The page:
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    25th June 2018 | By David Jolley

    This week we have been reading about deaths and care of patients in Gosport War Memorial Hospital https://www.theguardian.com/society/2018/jun/20/disregard-for-human-life-gosport-hospital-inquirys-key-findings

    The inquiry was chaired by Bishop James Jones who had previously chaired the Hillsborough Inquiry and is retired from his post as Bishop of Liverpool. I have not yet found a list of other members of the panel. Headlines describe hundreds of deaths caused or brought forwards over a period of 30 years by care a prescribing practices of a GP assistant. It is frightening and heart-breaking stuff. Whistle-blowers have been ignored, family concerns have been set aside.

    But I am not easy.

    There is also the story of worries about care of older people in North Wales https://gov.wales/about/cabinet/cabinetstatements/2018/tawelfanreport/?lang=en

    This story has received less attention in the national media. The Health and Social Care Advisory Service (HASCAS) http://beta.charitycommission.gov.uk/charity-details/?regid=1064523&subid=0

    Has undertaken a careful and independent analysis of care in a setting where concerns have previously been raised. http://www.itv.com/news/wales/2018-05-03/no-evidence-of-institutional-abuse-at-denbighshires-tawel-fan-mental-health-ward/

    Unlike a report from Donna Ockenden in 2015 http://www.wales.nhs.uk/sitesplus/documents/861/tawel_fan_ward_ockenden_internet.pdf

    HASCAS found there to be no evidence of institutional abuse and, indeed, described the care as ‘a credit’. (I am including the link to the Donna Ockenden report for, though it is marked ‘confidential’, it is freely available on the internet).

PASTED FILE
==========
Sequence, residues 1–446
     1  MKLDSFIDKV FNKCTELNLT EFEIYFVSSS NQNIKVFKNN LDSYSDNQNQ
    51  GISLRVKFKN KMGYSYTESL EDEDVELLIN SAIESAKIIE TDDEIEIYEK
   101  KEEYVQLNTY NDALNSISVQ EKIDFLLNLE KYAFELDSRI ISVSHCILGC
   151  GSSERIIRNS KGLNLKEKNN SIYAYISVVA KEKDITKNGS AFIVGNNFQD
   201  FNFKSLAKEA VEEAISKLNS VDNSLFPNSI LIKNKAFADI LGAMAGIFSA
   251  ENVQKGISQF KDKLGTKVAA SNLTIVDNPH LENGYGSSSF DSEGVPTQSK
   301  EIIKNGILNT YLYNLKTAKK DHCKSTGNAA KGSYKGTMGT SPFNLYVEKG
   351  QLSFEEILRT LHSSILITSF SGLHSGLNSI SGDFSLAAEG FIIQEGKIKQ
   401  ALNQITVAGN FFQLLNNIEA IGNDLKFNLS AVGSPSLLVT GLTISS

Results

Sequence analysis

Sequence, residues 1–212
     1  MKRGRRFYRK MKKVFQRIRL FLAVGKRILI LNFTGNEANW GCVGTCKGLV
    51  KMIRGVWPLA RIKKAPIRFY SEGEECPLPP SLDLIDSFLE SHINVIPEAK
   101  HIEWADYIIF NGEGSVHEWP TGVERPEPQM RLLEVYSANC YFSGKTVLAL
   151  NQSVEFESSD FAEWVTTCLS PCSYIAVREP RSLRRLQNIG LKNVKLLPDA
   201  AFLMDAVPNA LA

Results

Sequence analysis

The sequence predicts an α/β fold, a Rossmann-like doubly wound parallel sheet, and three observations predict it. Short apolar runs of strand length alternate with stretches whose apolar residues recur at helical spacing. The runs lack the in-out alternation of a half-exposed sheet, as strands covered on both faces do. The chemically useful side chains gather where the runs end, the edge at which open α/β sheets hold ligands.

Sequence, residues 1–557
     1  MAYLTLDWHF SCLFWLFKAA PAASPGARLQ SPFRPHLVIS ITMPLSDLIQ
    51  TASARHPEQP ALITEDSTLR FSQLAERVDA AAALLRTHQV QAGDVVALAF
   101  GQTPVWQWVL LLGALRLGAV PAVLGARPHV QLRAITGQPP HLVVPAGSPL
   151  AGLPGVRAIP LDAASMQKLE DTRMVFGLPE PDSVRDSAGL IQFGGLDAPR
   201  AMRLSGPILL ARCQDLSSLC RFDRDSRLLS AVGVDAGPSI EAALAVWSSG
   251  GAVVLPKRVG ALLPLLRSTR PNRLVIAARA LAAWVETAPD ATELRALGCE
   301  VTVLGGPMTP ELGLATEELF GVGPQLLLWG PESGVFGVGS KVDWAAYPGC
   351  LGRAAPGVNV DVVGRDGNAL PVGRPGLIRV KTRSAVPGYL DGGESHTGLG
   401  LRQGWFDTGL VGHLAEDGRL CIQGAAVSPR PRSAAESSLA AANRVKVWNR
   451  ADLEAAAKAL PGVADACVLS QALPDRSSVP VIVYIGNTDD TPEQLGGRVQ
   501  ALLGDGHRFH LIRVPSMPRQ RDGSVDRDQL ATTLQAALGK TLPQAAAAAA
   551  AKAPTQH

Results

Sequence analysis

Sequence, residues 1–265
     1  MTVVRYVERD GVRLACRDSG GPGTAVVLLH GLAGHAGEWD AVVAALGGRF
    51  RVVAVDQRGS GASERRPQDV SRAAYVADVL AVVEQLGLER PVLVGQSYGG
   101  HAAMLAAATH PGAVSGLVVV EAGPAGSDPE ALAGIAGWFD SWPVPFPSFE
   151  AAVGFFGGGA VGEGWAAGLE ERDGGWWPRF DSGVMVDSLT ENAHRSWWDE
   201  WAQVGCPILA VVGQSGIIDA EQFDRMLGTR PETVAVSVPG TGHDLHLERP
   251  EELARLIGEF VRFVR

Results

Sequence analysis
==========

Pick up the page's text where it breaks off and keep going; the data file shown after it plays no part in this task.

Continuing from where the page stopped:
So what was labelled ‘a scandal’ three years ago, is now understood to be nothing of the sort. This will be a relief to many professionals who have worked hard and honestly but found themselves scapegoated. It is felt to be a terrible betrayal by some families who have been convinced, and remain convinced, that their loved ones suffered as a consequence of poor or malicious care. www.bbc.co.uk/news/uk-wales-43962668

    It is a nightmare.

    We have to worry that people will be discouraged from working in a field which is already low in kudos. There has to be concern that patients will be denied effective palliative care and fruitless efforts to keep them alive will prolong or produce suffering and be wasteful of resources.

    I wonder if the ‘Choosing Wisely’ initiative of the Academy of Royal Colleges www.choosingwisely.co.uk/ can prove robust enough to support a calm and balanced resolution.

    Let us hope so.

    For the moment, I am more than uneasy with the immediate acceptance of the damning report on the care at Gosport War Memorial Hospital, though it will require some very brave people to raise the questions.

    In both these settings, the issues of time, resource and discipline to communicate honestly and openly with families and patients, and to record what is said and what is agreed and not agreed, emerge as basic. That is the first learning point for me.